Valley Bike Share: A New Way to Get Around

Spread the love

If you have noticed the shiny new bikes that sit in specially-designed stands in strategic locations around the Valley, you’re not alone. I was thrilled when I heard about these new bikes and entered a raffle at the Northampton street fair a month ago. I won a year’s pass and a cool tee shirt!

A few nights ago, I went down to Amherst to hear Colorway play at Kendrick Park, where a Valley Bike Share rack sits.  I took out my iphone, typed the number of the bike into the device, and unlocked it.  I had it for 60 minutes, based on a digital clock on the bike’s dashboard.  The dashboard gives you speed, 11 mph, distance ridden and that timer that starts winding down as soon as you set off.

Although these are electric bikes, it’s really ‘electric assist’ because you don’t get any assistance if you’re not pedalling. So you pedal and are rewarded by a little zip, and it’s best when you’re riding up a hill. Then that boost really comes in handy.

The Valley Bike docking stands can be found in Northampton, Amherst, Holyoke, North Amherst and South Hadley.
The Valley Bike docking stands can be found in Northampton, Amherst, Holyoke, North Amherst and South Hadley.

I’ve ridden many different electric bicycles, both in France, in Ireland, and in Austria and every one was faster and better than this one.  Perhaps since they are public they have put in governors to keep the powered speed to 11 mph.

Usually, if you own one of these, you can select different modes, like on the Austrian mountain bikes include ‘Turbo.’  This is far faster and zoomy than these rentals.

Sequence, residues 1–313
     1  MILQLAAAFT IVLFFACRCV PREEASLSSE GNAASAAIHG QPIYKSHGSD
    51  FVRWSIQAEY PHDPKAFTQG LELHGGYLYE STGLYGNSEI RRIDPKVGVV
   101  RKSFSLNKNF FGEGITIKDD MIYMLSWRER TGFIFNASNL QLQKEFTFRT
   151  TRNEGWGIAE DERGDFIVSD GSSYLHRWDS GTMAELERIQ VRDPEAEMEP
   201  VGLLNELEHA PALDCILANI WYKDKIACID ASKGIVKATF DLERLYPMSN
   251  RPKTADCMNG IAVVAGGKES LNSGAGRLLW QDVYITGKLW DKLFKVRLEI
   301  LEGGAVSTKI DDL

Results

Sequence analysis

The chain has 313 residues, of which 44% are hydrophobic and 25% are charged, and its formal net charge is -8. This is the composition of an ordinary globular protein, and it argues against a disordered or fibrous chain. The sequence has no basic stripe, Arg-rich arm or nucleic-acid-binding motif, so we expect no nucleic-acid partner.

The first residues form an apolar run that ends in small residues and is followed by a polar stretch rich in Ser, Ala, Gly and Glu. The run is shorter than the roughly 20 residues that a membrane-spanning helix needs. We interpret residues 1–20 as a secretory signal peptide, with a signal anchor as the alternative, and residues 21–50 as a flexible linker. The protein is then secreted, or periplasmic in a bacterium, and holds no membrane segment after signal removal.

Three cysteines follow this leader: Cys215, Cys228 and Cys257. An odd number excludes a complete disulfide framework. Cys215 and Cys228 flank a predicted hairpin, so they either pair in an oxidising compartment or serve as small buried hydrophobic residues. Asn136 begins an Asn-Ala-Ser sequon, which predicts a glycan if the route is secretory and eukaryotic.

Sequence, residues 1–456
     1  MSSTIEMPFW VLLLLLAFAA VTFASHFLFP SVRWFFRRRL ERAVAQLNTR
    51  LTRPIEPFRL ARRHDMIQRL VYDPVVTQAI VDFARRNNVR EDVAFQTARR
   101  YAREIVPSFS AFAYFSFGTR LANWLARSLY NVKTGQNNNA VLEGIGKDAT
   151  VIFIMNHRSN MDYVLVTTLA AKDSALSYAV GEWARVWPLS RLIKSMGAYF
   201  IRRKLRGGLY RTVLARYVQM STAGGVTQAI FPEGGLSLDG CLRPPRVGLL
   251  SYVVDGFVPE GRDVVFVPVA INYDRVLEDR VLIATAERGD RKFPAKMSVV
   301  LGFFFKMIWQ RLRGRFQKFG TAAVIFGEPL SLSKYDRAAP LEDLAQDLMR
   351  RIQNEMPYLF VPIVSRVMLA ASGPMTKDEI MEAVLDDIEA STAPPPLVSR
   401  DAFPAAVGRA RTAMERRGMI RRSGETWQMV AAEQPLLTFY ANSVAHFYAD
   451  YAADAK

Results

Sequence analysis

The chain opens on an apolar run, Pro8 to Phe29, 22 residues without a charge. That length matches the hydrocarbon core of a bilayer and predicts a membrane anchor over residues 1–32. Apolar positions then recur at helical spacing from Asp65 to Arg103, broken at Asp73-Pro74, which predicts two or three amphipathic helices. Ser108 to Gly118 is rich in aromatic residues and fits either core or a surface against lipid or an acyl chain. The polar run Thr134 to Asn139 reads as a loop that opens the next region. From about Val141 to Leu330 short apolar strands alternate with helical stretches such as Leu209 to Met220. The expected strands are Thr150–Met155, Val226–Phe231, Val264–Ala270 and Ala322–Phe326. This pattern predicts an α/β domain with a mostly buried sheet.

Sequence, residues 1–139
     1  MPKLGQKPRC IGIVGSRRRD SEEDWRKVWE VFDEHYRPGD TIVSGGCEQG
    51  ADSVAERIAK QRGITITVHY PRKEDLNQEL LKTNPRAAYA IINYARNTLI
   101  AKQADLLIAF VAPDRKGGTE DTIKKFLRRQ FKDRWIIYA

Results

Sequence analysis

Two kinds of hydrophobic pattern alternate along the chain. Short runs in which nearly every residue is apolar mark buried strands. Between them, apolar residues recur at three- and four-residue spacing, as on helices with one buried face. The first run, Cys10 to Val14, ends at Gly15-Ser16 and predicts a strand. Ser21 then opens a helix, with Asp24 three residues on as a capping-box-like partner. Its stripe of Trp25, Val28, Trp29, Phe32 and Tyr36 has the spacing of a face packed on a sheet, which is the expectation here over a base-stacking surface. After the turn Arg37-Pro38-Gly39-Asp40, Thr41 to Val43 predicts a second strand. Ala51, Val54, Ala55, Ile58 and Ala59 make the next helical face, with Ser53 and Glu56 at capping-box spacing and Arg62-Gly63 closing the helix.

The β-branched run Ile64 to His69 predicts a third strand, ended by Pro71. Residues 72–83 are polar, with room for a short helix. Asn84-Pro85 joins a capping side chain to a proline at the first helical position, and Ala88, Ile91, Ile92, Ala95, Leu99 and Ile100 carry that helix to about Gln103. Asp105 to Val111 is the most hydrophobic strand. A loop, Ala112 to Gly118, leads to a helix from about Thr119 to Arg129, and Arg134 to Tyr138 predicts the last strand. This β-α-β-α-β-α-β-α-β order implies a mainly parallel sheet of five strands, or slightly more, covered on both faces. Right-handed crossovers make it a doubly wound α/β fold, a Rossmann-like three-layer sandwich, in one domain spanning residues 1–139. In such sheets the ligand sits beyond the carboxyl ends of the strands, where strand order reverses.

So I was trying to visualize how I would use these for a long ride, say, to Holyoke. That would take a lot of work, again since you would have to pedal the whole 20 miles and there are few downhills.

READ  Saturday, In the Park, Doing it Under the Blanket

Expensive, well designed electric bikes. Governed to go no faster than 11 mph. But a good ride!
Expensive, well designed electric bikes. Governed to go no faster than 11 mph. But a good ride!

Nine more docking stations are planned, including five at UMass and others at more distant points.  I wish we could get them to put a docking station in South Deerfield, but I guess UMass is a more likely place to find users for the service.

It costs $90 for a yearly pass. This gives you the chance to borrow the bikes for 60 minutes at a time, but if you dock the bike again, you can start the 60 minutes over again.  If you stay on the bike longer than 60 minutes, it costs $2 for every additional half hour.

Clearly these rates are designed for short term use, and not to compete with any commercial bike rental, when you’d have the bike for a whole day. But there is no where you can rent an electric bike like this, and the problem with these expensive bikes is that you can’t really ride this with a non-electric partner. You’d just be leaving them in the dust on every hill.

So until most of us can come with $2000 or $3000 for each bike, Valley Bike Share has you covered!